The GOP-led redistricting effort this year put in place a district that changed District 10 from a Fort Worth-centric district inside Tarrant County to a sprawling district that increased in geographic size by at least tenfold.

It previously favored President Joe Biden by eight points, according to election returns. But the redrawn district would have gone for Republican Donald Trump by 16 points, a 24-point swing that likely dooms Powell’s hopes for re-election.

The remap shrinks the share of Hispanic, Black and Asian eligible voters in District 10 while increasing the share of white eligible voters, from 54% to 62%.

The plaintiffs’ attorneys asked the federal court to block the map, with respect to Powell’s district, from being used in any elections and to set in motion a plan for new boundaries. The suit names Gov. Greg Abbott and newly appointed Texas Secretary of State John Scott as defendants.

You can see a copy of the lawsuit here. The other litigation so far includes the Gutierrez/Eckhardt suit, the LULAC/MALDEF suit, the Voto Latino suit, and the two MALC suits. As a reminder, the current map with SD10 entirely in Tarrant County can be seen here, and the new map with SD10 sprawling out into multiple rural counties can be seen here. The question for the short term is whether one or more of these plaintiffs can get a temporary restraining order against one or more maps, thus potentially delaying the primaries. I don’t think that is likely to happen – there may be a TRO, but I would expect it to be stayed by the appeals court – but we’ll see. A press release from the Lone Star Project is here, and the Star-Telegram has more.

Sen. Eddie Lucio will retire

Can’t say I’ll miss him.

Sen. Eddie Lucio

State Sen. Eddie Lucio Jr., D-Brownsville, announced Thursday that he is not seeking reelection after three decades in the upper chamber.

He made the announcement during a news conference in Harlingen, saying he was retiring “because a lot of wonderful things are yet to come in my life.” He said he wanted to spend more time with family “and to do some of the things that I’ve been wanting to do like my own personal ministry to help the less fortunate in our community.”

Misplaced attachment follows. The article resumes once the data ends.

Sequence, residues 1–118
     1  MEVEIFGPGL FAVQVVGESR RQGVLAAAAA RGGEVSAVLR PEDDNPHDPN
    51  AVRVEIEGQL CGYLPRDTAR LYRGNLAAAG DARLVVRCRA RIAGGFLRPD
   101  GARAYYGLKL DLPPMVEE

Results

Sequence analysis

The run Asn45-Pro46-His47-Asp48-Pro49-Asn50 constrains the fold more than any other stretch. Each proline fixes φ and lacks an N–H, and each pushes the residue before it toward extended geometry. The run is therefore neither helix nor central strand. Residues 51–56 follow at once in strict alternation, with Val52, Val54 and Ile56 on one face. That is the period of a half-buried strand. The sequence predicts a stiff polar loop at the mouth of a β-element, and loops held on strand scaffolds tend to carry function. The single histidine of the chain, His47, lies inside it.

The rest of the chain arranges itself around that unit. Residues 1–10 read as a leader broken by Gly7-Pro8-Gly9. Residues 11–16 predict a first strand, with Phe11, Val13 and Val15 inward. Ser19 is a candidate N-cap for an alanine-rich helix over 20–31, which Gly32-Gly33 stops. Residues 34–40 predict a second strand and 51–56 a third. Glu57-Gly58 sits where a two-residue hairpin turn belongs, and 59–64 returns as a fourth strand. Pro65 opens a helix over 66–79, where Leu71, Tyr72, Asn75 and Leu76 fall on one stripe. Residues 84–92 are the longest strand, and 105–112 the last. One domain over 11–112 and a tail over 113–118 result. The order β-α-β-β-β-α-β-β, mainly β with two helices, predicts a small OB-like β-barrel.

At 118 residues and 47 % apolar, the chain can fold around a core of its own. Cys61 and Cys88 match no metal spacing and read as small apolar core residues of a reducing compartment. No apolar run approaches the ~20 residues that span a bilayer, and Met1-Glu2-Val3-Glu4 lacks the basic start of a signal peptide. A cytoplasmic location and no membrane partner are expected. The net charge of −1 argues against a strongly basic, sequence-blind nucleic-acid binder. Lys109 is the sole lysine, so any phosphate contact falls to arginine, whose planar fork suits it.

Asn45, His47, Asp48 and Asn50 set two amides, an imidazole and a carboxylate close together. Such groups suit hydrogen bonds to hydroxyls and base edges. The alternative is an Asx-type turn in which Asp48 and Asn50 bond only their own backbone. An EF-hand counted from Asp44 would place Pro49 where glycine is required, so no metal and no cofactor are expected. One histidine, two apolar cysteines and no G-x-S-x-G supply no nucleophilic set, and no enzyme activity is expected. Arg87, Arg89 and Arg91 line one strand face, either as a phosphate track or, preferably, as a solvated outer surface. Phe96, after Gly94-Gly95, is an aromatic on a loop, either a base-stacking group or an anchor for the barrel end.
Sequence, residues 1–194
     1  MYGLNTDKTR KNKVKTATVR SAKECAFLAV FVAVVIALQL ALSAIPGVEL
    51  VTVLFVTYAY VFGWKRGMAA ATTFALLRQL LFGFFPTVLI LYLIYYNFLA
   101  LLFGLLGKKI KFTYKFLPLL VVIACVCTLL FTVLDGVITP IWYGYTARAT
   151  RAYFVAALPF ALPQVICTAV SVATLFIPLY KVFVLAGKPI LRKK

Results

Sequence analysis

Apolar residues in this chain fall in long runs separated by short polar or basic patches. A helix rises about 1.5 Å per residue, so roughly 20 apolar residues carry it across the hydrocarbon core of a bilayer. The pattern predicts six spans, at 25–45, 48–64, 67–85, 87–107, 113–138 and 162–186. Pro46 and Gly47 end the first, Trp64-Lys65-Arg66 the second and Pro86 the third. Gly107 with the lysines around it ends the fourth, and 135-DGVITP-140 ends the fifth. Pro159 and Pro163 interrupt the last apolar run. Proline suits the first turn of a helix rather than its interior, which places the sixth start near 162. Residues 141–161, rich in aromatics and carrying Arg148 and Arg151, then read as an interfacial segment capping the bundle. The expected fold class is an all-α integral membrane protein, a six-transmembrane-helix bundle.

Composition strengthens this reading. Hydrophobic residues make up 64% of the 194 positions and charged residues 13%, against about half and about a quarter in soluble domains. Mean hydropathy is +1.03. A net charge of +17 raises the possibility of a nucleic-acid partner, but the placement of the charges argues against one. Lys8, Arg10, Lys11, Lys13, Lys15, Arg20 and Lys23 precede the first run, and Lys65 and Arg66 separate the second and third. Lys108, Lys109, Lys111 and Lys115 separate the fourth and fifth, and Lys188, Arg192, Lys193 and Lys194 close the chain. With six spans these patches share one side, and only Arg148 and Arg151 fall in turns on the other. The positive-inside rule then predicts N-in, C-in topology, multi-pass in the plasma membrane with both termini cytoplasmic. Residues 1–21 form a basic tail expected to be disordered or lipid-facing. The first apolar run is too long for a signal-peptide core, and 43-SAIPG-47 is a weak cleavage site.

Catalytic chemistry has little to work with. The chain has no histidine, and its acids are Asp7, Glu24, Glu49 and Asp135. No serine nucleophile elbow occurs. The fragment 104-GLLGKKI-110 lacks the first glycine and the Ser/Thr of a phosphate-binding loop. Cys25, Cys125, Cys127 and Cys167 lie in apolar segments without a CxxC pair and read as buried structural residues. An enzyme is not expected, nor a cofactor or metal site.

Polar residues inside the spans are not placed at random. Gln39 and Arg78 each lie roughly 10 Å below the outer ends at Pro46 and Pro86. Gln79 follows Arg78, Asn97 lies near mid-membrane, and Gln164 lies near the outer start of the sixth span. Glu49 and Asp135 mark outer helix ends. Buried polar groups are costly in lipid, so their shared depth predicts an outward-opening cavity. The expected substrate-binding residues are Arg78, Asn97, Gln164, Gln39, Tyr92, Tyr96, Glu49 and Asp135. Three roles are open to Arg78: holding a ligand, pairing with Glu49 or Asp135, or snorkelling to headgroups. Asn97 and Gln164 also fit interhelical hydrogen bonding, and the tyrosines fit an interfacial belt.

“I want to continue to fight for what’s right in our community for our families,” Lucio said.

Lucio’s decision comes as a surprise — earlier this year he announced he was running for reelection, and his office confirmed that remained his plan during the redistricting process this fall.

Lucio, vice chair of the Senate Education and Finance committees, has served in the Senate since 1991, making him the third most senior member. He became known as a stalwart advocate for the needs of the Rio Grande Valley — and for breaking with his party on some major issues, making him easily the most moderate Democrat in the Senate.

Lucio opposes abortion and voted in support of Texas’ new abortion restriction law that went into effect in September. He supports school choice, putting him at odds with fellow Democrats who believe it harms public schools. And he infuriated the LGBTQ community in 2017 when he voted for the “bathroom bill” that would have restricted transgender Texans’ access to certain public facilities.